Achilles was a famous Greek legend who was in the Trojan war, felled by a shot to his heel. Owing to the myth, the Achilles tendon is a band of tissue that runs down the back of the lower leg. The cord connects the calf muscle to the heel bone; hence it is also known as the heel cord. When you walk, the tendon helps lifts the heel of the ground, hence is an important band of muscle for mobility.
Tendonitis versus Tendinosis
Tendonitis or sometimes Tendinitis, typically refers to inflammation of the tendon. While the response is typically temporary and rarely cause too much pain; continuous inflammation can lead to a degeneration of the tendon.
When the tendons suffer from constant inflammation and injury, microscopic tears and degeneration will occur. Tendinosis is a common problem in joggers and jumpers, due to the repetitive damage to the tissues. In rare cases, the tendon may rupture due to chronic tendinosis.
Aside from athletes who places stress on the tendon regularly, other individuals who are at risk include labourer. Weekend warriors, people who participate in athletic activities infrequently are also prone to suffer from Achilles tendonitis or tendinosis. A tight hamstring and calf muscles can also lead to an injury at the back of the foot.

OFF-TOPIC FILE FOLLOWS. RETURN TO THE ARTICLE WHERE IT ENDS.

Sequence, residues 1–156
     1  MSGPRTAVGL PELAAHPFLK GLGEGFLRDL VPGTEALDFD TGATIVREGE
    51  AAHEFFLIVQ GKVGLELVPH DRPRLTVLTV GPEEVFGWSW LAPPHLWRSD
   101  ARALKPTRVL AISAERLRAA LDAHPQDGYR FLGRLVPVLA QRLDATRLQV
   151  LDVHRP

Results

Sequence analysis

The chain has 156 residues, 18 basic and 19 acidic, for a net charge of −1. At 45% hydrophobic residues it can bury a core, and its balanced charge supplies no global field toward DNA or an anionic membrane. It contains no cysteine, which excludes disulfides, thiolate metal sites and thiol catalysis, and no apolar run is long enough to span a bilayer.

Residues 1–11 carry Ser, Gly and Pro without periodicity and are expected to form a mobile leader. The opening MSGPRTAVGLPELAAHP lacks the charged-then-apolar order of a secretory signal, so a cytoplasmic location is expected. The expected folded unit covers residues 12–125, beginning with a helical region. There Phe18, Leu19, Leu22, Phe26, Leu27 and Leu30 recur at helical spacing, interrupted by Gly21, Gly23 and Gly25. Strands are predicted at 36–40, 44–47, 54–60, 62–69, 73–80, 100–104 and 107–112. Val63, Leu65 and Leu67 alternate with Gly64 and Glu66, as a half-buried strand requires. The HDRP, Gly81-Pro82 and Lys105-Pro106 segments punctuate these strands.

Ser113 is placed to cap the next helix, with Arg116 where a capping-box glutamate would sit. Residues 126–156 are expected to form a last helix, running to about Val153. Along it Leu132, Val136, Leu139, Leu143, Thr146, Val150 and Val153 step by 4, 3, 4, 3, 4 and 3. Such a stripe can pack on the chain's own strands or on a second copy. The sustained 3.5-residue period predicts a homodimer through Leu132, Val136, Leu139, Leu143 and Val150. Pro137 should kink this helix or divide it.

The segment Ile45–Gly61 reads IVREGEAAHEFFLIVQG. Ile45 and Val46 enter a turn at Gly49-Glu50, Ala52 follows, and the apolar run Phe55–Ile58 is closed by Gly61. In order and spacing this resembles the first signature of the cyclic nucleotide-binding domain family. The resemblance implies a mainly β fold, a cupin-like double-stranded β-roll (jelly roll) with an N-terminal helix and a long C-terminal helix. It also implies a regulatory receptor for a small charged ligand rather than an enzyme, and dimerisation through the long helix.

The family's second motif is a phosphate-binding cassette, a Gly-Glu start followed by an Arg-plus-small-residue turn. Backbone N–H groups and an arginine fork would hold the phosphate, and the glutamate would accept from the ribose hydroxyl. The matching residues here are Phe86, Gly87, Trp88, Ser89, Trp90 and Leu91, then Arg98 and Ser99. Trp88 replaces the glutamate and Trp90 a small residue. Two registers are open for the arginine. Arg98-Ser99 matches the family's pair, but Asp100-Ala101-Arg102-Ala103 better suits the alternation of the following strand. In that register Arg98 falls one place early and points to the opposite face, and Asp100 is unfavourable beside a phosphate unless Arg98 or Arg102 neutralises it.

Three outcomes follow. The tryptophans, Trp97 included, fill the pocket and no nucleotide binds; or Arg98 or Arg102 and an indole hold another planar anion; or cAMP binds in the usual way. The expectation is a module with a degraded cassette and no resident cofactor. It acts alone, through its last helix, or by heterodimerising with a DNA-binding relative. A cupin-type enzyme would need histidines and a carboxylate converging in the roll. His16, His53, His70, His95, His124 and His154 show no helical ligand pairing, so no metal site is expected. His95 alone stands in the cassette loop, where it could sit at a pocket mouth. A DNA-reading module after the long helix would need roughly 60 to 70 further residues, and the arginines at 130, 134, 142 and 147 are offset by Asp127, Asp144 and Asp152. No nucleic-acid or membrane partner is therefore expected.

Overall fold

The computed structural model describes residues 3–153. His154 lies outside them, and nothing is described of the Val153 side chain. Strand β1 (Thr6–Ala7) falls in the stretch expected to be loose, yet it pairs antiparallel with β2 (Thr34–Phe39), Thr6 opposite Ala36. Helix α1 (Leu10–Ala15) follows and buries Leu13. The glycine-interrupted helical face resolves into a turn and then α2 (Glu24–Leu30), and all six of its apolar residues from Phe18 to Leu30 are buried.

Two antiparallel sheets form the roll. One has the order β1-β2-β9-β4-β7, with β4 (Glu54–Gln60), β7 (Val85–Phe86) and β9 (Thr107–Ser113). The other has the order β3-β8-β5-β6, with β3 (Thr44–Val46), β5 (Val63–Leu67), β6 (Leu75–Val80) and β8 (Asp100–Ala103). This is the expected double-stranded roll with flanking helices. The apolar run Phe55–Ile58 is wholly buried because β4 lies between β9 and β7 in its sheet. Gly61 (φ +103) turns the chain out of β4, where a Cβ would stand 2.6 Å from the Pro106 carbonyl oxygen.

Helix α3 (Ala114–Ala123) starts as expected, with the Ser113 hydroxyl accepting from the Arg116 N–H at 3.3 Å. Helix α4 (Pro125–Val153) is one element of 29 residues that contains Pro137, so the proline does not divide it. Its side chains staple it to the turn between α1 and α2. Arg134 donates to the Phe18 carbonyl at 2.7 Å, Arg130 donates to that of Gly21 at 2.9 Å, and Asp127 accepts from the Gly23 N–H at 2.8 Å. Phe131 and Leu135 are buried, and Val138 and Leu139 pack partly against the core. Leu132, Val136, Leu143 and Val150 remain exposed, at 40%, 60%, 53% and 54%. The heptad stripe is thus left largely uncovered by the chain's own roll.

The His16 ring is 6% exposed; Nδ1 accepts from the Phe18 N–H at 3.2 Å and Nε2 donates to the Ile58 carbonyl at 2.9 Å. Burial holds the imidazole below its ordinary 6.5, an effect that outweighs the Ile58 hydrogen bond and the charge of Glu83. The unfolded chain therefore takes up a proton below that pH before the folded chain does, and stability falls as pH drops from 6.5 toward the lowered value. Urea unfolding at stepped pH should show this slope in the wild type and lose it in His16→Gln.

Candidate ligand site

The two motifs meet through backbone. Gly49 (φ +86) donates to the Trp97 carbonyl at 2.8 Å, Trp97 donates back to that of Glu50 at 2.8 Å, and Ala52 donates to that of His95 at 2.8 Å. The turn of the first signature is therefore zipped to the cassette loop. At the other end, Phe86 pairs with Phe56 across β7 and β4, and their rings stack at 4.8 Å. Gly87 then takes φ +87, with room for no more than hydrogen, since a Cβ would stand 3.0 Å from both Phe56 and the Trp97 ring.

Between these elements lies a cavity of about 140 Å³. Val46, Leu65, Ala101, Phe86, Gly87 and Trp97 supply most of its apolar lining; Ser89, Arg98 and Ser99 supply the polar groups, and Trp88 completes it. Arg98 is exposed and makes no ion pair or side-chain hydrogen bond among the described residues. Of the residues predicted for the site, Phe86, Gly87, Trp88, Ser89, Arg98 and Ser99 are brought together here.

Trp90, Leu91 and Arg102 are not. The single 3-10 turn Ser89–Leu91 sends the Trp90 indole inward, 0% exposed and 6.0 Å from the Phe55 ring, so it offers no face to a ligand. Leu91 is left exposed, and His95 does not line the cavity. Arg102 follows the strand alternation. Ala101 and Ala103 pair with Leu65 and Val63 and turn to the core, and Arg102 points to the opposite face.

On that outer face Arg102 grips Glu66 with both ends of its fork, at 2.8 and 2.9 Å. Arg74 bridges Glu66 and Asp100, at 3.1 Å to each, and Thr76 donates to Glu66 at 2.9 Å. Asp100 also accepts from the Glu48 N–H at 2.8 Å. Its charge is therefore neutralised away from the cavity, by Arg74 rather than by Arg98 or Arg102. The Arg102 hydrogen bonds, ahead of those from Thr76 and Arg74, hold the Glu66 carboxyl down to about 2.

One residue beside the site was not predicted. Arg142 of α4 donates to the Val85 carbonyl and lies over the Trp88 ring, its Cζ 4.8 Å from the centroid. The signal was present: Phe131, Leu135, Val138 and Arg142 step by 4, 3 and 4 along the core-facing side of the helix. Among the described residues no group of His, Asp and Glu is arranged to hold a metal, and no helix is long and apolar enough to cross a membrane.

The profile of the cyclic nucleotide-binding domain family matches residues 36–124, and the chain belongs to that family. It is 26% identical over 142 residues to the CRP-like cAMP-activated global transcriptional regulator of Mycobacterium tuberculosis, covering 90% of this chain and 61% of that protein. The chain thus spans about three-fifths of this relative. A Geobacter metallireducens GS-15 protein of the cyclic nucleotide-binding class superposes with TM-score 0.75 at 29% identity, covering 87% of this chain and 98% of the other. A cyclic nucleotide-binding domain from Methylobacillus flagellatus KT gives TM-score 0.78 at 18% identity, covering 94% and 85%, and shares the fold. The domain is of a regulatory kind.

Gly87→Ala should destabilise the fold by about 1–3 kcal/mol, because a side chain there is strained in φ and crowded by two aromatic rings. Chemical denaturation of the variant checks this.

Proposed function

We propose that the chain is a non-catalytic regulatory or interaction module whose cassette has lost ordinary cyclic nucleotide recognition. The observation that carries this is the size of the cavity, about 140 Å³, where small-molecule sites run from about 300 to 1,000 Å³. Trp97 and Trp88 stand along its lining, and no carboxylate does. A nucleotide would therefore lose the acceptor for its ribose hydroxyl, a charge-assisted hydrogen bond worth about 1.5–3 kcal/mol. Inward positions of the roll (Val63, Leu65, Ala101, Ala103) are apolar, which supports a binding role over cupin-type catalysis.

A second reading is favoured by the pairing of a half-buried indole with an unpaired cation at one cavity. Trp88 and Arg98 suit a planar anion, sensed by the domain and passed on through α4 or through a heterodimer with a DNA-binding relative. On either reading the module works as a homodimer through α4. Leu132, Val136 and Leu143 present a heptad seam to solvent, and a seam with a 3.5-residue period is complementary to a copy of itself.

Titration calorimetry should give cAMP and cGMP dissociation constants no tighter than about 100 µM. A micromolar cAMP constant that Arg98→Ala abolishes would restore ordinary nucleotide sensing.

But you can also develop problems if you wear shoes that do not provide enough support for your feet, especially if you are an over- pronator. If you wear high heels, or have a habit of walking on your toes, then you are more likely to suffer from a painful tendon.
Those who have high foot arch, or flat feet are also at risk. As the muscles are under strain to support the muscles and bones, there is an increased chance for the tendon to inflame and degrade if proper care is not taken. Without enough stability, the tendons have to work harder to lift the leg when you walk or run.
A tell-tale sign that you may have Achilles tendonitis maybe the burning pain when you start an activity such as walking or running. You will feel slightly better during the activity but you dread the time after you are done with the exercise. The back of your foot may feel stiff in the morning, or at the beginning of an exercise.
Aside from the pain and stiffness, you may feel weak in the feet, where the tendon fails to support your weight. When you use the tendon, you may experience a crunch and more pain.
What Can You Do?
It is important to book a visit to your doctor or podiatrist if you suspect that you have this condition. We at Adelaide Heel Pain Clinic have an extracorporeal shockwave machine, and research shows that it helps with 75% of the cases.
Stop putting up with the pain, we can help make you feel better today.